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dc.contributor.authorLuse, Andy
dc.contributor.authorSteelman, Sierra
dc.contributor.authorBurkman, Jim
dc.date.accessioned2020-11-20T17:43:12Z
dc.date.available2020-11-20T17:43:12Z
dc.date.issued2020-10
dc.identifier.urihttps://escholarshare.drake.edu/handle/2092/2216
dc.descriptionPeer-Reviewed Journal Article. 11 pagesen_US
dc.description.abstractPopular conception holds that Millennials and Gen Z’ers do not like old stuff. Whether it be old games, books, technology, movies, or TV shows, the prevailing thought is that the younger generation prefers newer things. While this view may be perpetuated online and in popular press, it may also be less than accurate as data actually shows younger generations preferring older content. Utilizing Uses and Gratifications Theory, this research tests this assumption by tracking favorite TV shows of Millennials and Gen Z’ers over a seven-year period. Results show that these individuals actually prefer non-current TV shows and that the level of “noncurrentness” of their preference is growing over time.en_US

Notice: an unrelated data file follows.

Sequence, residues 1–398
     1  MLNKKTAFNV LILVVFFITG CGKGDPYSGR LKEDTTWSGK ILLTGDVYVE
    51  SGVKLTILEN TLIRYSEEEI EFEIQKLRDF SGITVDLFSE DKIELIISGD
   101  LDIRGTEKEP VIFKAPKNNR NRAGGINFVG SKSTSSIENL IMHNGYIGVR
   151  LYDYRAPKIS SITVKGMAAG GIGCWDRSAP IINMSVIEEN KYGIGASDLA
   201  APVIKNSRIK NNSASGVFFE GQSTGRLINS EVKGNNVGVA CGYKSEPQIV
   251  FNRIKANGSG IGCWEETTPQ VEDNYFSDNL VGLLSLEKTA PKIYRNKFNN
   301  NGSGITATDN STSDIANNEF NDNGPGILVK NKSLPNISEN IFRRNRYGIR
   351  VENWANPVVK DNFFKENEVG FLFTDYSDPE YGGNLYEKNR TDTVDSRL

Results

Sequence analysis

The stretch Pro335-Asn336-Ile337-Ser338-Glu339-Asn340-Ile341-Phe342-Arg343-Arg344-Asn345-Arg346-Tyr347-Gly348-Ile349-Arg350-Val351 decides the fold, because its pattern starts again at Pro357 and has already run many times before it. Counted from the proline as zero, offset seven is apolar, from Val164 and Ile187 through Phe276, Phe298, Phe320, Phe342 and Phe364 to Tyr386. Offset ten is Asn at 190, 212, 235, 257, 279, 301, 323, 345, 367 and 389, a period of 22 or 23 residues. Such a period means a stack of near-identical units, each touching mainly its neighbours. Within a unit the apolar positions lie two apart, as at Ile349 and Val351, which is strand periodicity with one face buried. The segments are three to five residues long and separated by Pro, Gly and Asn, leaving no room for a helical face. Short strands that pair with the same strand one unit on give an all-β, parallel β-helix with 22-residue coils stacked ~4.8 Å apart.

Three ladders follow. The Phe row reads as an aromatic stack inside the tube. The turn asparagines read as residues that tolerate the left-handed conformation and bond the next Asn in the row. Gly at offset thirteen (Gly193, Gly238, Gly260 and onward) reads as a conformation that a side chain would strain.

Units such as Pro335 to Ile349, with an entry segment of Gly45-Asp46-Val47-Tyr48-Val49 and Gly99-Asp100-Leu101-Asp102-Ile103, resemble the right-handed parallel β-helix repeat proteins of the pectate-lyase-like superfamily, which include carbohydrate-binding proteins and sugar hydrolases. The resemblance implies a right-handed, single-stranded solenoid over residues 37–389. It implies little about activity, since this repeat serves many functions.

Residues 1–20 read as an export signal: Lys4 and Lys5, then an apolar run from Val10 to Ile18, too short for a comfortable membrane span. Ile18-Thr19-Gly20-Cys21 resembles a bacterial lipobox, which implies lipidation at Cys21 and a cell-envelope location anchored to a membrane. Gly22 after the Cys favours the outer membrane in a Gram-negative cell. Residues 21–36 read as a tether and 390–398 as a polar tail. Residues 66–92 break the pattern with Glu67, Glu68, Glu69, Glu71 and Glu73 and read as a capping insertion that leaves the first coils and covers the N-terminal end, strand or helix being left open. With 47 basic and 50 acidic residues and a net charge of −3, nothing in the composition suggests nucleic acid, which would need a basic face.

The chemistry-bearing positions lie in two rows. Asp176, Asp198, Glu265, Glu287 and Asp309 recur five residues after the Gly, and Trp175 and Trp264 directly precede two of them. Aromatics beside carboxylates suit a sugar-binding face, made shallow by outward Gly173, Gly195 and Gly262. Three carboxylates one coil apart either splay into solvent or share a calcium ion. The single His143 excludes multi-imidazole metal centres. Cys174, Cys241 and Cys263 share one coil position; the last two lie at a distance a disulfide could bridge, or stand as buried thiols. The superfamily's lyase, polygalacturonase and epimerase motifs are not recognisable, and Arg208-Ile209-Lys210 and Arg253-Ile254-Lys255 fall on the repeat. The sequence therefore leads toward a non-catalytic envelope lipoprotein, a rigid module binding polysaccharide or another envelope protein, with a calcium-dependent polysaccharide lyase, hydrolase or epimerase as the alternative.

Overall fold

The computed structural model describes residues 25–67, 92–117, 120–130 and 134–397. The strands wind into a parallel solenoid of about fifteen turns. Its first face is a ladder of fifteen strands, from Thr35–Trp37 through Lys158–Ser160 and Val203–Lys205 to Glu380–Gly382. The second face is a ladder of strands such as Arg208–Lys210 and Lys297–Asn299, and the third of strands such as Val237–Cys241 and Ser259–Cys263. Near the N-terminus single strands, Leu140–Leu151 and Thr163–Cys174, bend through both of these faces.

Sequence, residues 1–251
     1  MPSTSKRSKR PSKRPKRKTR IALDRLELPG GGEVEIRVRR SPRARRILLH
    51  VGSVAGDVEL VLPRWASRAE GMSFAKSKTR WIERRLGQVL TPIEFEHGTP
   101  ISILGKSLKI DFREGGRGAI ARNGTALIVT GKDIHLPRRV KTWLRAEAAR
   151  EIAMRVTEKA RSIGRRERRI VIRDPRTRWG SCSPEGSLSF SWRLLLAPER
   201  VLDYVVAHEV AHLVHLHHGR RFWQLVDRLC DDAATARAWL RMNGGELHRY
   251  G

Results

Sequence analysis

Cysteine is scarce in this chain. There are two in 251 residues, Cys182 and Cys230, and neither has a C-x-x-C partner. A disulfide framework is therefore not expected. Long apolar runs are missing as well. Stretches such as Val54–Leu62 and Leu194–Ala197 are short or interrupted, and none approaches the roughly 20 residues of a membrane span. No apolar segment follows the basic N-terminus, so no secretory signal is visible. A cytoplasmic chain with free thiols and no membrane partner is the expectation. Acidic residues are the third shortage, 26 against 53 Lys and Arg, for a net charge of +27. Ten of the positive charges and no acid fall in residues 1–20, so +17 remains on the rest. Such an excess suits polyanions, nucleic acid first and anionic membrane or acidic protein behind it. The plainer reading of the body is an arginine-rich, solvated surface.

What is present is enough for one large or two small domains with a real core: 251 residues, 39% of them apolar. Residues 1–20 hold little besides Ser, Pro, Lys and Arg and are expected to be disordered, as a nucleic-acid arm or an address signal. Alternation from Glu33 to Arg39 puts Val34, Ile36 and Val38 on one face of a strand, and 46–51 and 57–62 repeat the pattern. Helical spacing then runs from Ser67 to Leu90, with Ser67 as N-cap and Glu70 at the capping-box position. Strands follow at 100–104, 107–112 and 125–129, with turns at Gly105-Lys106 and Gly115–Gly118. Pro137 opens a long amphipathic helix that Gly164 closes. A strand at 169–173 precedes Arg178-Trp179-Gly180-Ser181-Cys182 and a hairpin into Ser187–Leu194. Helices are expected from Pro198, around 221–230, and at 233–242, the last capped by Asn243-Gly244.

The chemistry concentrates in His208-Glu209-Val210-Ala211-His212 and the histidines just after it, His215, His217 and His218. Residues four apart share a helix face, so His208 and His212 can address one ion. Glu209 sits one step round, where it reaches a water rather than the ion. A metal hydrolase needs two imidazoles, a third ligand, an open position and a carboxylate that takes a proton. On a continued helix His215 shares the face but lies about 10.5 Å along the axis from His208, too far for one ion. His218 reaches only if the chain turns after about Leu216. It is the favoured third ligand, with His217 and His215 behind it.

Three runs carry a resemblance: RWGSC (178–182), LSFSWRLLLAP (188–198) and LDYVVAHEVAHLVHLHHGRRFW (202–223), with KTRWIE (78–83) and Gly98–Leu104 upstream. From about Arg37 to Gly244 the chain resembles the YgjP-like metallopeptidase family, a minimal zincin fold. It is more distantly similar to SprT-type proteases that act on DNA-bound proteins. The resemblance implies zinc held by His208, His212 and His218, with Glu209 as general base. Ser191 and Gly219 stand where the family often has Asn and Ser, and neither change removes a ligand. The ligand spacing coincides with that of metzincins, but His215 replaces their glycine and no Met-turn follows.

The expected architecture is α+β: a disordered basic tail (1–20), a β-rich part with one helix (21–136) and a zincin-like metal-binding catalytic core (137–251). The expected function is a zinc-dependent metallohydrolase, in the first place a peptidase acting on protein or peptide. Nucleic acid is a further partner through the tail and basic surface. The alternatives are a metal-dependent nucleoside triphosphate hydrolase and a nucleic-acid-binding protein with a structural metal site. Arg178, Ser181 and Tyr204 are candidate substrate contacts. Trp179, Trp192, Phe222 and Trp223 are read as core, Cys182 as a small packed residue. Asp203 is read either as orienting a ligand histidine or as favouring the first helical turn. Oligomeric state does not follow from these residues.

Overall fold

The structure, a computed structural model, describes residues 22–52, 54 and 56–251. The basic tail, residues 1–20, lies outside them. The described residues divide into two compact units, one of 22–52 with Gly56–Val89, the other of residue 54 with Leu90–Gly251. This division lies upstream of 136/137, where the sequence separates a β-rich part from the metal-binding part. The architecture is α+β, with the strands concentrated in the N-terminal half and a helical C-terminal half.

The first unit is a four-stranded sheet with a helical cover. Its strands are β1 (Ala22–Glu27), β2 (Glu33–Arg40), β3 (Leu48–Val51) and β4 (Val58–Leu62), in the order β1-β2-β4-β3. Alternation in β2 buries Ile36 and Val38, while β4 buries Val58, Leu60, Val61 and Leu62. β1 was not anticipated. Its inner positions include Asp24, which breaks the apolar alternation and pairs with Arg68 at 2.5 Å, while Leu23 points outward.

dc.language.isoen_USen_US
dc.publisherDrake Management Reviewen_US
dc.relation.ispartofseriesDrake Management Review;Volume 10, Issue 1, October 2020
dc.subjectInformation Systemsen_US
dc.titleThis Isn’t Your Parent’s TV Show…Oh Wait, It Isen_US
dc.typeArticleen_US


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